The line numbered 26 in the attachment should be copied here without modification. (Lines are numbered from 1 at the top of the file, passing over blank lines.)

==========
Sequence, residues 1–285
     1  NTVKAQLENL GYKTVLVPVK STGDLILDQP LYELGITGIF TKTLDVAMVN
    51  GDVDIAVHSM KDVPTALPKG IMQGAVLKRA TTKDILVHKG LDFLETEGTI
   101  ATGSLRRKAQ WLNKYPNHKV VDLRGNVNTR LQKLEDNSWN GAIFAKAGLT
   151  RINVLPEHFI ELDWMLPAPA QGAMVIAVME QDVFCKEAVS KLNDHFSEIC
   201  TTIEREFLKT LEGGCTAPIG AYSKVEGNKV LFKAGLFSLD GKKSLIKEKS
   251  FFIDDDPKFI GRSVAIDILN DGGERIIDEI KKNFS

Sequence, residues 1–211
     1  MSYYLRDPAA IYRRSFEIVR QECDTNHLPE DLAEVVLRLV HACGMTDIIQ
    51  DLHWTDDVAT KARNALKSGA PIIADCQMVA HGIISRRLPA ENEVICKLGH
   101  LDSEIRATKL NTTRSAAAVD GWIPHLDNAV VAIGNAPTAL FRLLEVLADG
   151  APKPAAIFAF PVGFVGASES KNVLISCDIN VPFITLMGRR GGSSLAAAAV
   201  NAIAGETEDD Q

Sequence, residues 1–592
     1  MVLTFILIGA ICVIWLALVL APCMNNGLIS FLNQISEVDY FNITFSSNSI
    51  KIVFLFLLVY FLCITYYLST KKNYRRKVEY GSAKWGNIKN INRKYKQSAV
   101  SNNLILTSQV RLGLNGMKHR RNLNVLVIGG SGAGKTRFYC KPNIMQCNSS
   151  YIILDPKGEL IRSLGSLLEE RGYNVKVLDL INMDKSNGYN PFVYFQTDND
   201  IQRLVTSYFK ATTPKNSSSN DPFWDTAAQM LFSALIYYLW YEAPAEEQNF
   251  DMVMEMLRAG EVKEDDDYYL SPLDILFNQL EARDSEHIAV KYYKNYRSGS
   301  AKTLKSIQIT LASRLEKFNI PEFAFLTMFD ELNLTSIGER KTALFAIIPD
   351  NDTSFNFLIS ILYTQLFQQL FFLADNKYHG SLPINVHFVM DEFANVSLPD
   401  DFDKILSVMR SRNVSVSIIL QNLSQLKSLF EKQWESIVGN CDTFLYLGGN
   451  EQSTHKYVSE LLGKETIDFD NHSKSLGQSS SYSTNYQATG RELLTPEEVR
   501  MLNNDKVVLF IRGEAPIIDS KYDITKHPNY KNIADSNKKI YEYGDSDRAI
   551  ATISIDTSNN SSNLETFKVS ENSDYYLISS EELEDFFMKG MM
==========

   551  ATISIDTSNN SSNLETFKVS ENSDYYLISS EELEDFFMKG MM